The ‘Is One Life Enough’ professional social media course is a university-level online course taught weekly for 10 sessions held at Dublin Institute of Technology Campus in Second Life and accredited by Dublin Institute of Technology in Ireland and the University of Akron in Ohio. The audience for this course is undergraduates, professionals, and educators seeking university-level training and credit in the use of online tools, such as Second Life, WordPress, Twitter and LinkedIn. Attending class as avatars participants will maintain online journals between sessions. Students will learn to establish and strengthen their online professional presence. You will learn also to work collaboratively, online, to complete team projects selected by the students and presented at module’s end to a collective university and Second Life audience.

Dublin Institute of Technology Students will receive 5 ECTS Credits as part of their current tuition – contact the office of Dean John O’Connor or your School for details.
Second Life Students receive DIT Accredited Professional Continuing Education Credit for a part-time tuition fee (99 Euro or equivalent in L$/US$) – contact Dublin In SL Registrar Sitearm Madonna
University of Akron Students may receive UOA College Credit as part of their current tuition – contact the office of Dr. Dudley B. Turner.

Inquiries: James Neville (‘Sitearm Madonna’ in SL)

Module History

In 2009, the ‘Is One Life Enough’ module was founded for Dublin Institute of Technology DIT students by (then) Head of School of Creative Arts, John O’Connor (‘Acuppa Tae’ in SL), and eLearning Development Officer, Claudia Igbrude (‘Locks Aichi’ in SL).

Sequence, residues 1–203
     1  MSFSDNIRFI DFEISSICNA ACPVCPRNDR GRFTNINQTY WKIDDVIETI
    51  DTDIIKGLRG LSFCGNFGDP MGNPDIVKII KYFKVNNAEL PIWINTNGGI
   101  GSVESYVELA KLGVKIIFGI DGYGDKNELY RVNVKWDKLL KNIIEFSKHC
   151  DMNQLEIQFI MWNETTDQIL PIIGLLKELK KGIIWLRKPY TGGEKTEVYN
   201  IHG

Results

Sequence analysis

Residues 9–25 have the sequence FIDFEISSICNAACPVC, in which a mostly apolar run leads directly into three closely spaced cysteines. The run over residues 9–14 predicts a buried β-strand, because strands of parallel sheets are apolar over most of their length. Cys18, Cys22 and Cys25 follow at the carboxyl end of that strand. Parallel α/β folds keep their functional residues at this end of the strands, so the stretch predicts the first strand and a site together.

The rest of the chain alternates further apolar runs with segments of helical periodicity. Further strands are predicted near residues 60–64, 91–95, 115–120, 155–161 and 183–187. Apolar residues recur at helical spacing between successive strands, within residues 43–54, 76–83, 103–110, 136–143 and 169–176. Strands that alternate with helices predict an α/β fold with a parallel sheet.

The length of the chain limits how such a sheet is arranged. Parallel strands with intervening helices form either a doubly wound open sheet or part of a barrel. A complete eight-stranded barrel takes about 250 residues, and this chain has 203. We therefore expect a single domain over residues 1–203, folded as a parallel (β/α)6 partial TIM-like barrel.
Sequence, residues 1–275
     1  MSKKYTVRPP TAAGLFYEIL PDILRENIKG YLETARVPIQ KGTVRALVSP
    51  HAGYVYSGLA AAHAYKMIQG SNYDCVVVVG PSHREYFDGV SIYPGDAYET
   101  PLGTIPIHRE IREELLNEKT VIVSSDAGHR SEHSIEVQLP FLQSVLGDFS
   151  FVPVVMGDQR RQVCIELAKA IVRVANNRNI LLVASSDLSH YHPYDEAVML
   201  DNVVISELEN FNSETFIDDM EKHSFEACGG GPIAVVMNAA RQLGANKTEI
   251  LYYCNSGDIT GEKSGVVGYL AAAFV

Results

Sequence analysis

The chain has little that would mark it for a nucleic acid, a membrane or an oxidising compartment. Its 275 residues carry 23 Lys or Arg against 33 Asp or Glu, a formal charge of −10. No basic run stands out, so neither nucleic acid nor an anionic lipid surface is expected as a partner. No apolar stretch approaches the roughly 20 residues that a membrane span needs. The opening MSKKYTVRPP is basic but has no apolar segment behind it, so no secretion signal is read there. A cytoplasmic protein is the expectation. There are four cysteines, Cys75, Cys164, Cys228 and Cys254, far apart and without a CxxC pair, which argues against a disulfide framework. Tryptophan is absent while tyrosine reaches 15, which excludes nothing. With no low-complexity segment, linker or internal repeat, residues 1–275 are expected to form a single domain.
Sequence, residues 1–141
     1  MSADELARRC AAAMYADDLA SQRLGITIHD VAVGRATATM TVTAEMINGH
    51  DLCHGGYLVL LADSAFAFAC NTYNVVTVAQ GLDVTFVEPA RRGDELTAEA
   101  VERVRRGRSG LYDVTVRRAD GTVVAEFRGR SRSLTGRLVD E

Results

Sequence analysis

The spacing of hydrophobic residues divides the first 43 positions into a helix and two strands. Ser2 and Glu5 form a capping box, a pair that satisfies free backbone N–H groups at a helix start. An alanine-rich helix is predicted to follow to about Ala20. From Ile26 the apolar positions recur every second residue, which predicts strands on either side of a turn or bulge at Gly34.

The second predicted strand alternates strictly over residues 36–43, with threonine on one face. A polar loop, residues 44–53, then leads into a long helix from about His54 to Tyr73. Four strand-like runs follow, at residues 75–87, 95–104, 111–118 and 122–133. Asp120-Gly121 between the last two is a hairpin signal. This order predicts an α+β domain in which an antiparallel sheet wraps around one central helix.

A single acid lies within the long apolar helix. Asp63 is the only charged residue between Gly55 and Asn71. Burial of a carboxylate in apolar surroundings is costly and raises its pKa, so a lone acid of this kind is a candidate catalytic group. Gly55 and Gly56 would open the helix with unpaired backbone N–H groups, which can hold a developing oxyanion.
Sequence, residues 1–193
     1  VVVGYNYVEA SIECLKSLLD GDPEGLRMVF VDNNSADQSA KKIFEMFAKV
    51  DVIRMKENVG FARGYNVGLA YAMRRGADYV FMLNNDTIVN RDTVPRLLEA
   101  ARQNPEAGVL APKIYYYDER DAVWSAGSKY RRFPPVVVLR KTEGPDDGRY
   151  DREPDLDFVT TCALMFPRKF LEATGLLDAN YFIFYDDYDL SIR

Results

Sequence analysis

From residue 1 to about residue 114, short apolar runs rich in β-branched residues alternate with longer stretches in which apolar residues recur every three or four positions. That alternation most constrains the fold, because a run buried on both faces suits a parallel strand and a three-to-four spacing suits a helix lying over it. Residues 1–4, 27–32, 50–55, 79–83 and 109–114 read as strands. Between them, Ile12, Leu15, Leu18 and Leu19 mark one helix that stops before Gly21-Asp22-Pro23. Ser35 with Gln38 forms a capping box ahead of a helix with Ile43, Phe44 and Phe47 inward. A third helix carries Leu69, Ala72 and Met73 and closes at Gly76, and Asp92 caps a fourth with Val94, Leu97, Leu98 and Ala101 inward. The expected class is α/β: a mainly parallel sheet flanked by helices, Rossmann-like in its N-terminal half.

In 2010, IOLE received the ‘Jennifer Burke Innovation in Teaching and Learning Award’ from the Irish Learning Technology Association and Dublin City University. Also in 2010, module eligibility was expanded to the greater Second Life Community via collaboration with Dublin Virtually Live Owner, John Mahon (‘Ham Rambler’ in SL).

In 2012, IOLE received the ‘Further and Higher Education Innovation Award’ from Learning Without Frontiers (London, UK). Also in 2012, Dr. Dudley Turner (Dudley Dreamscape in SL) graduated from the Autumn 2012 module as a Second Life Student.

In 2014, module eligibility was further expanded to University of Akron students via collaboration with Dr. Turner.

Organization History

Dublin Institute of Technology is the largest provider of third level education in Ireland with degree awarding authority and is on track to be Ireland’s first nationally accredited technological university.

Dublin in Second Life is a recreation of Dublin City online, celebrating the music, art, education, culture, and enterprise of Ireland and is a premier member of the broad Second Life Community, recognized by both Residents and Linden Lab Top Management.

University of Akron is one of America’s strongest public universities, focused on innovation, entrepreneurship and economic growth.


John O’Connor is a Director of Dublin Institute of Technology (DIT) in Dublin, Ireland, and Dean of the College of Arts and Tourism. His work includes sitting on the Senior Leadership Team of DIT, teaching the award winning module, ‘Virtual Environments: Is one life enough?’ and promoting Dublin as a creative city and thriving economic hub. His academic interests include: access to education for isolated communities; the use of technology to support learning; typography; and development of the professional design sector in Ireland.

Dr. Dudley B. Turner is Former Interim Dean, College of Creative & Professional Arts, University of Akron (UOA) in Akron, Ohio, USA. He teaches communication, persuasion, and professional speaking. Dr. Turner is a champion of the use of virtual world communication technologies such as Second Life. He is the 2014 winner of the prestigious Ohio’s Innovative Teacher Award from the Ohio Communication Association.